It's just another weird week on the early-season carousel of closers.
''Definitely it was a surprise,'' Rodriguez said after his opening day save for Milwaukee. ''Hopefully I can go out there and get the job done every time the manager asks for me.''
Jim Henderson was expected to close for the Brewers, but manager Ron Roenicke said he was struggling with his stuff coming into the season. Rodriguez had only 13 saves over the previous two years, but K-Rod has pitched well so far in 2014.
Meanwhile, with Bobby Parnell out with an elbow injury, Mets manager Terry Collins turned to the 36-year-old Valverde, who looked finished when the Detroit Tigers dropped him in the middle of last season.
''Jose - one thing about closers, that game can always be interesting - but I've been told by a lot of guys this guy just believes in what he does,'' Collins said. ''He challenges people to swing the bat.''
Even veterans such as Joe Nathan and Jonathan Papelbon are off to rough starts, and with Mariano Rivera in retirement, it looks as if Atlanta's Craig Kimbrel and Kansas City's Greg Holland have taken over as the game's dominant closers.
And the gap between them and everyone else may be widening.
Here are five things to watch around the majors this week.
JETER RETURNS HOME: Derek Jeter takes the field for what will be the retiring shortstop's final home opener at Yankee Stadium on Monday. New York hosts Baltimore three times before a four-game series against the rival Boston Red Sox.
MAKING A SPLASH: The Diamondbacks weren't thrilled when some Los Angeles players jumped into a swimming pool at Chase Field to celebrate clinching the NL West title at Arizona last season. The Dodgers return to Phoenix to start a three-game series Friday.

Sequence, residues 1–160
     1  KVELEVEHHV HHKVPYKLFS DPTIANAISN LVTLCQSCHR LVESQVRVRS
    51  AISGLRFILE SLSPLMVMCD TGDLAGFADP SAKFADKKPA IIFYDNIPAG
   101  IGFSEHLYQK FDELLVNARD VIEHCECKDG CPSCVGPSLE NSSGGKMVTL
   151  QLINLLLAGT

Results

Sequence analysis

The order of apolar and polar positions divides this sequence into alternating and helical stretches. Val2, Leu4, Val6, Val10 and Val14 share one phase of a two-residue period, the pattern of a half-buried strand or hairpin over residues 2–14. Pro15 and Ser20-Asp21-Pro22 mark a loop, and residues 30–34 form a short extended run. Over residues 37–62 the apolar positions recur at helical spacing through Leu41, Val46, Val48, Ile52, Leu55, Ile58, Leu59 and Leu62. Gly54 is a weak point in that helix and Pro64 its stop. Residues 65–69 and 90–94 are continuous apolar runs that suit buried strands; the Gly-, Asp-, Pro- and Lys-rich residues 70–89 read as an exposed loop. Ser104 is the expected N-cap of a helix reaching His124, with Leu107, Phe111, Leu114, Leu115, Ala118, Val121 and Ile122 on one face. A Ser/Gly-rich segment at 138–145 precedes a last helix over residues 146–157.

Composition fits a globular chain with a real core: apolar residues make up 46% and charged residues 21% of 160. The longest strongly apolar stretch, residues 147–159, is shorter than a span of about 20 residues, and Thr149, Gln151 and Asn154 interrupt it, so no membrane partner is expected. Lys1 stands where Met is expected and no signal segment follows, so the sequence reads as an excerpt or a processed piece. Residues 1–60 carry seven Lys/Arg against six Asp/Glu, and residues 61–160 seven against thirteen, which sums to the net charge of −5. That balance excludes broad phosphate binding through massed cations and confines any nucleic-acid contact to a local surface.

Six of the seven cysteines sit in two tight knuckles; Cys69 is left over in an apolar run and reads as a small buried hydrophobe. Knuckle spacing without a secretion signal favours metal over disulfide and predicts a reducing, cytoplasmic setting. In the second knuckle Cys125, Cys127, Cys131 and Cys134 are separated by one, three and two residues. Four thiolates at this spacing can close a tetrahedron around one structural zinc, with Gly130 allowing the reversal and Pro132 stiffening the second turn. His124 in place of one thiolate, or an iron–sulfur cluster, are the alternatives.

BILLY BALL: Speedy Reds leadoff man Billy Hamilton is having a tough time getting up and running. Cincinnati installed Hamilton as its center fielder after his eye-catching debut last September, when he stole 13 bases in 14 attempts.
But if Hamilton is going to play regularly, he'll have to get on base, and so far this year he's 0 for 12 with six strikeouts.
The Reds play a three-game series at St. Louis before hosting three against Tampa Bay.
SOMETHING FISHY?: Yes, that really is Miami sitting atop the NL East with a 5-2 record. Jose Fernandez and Giancarlo Stanton have been excellent, but how long will the Marlins be able to stay in contention?
Miami began the season at home against Colorado and San Diego, but visits this week to Washington and Philadelphia may provide more of a test.
SLOW START: Done in by terrible starts the last two years, the Los Angeles Angels are 2-4 so far this season. Josh Hamilton's 11-for-22 start is encouraging, but Los Angeles doesn't want to fall too far behind in the AL West race. The Angels start a two-game series at Seattle on Tuesday.
STAT OF THE WEEK: The Detroit Tigers were the last team to lose a game when Baltimore knocked them from the ranks of the unbeaten Sunday. How much does Detroit's distinction really matter? It's hard to say.
Since 1995, when the postseason expanded, the last remaining unbeaten team at the beginning of the season has gone on to make the playoffs 15 of 28 times, according to STATS. That includes years in which more than one team tied for the honor of being the last to drop a game.
The best start in that span belongs to the Kansas City Royals, who won nine straight in 2003. They ended up going 83-79 and finished third in the AL Central.
Follow Noah Trister on Twitter: https://twitter.com/noahtrister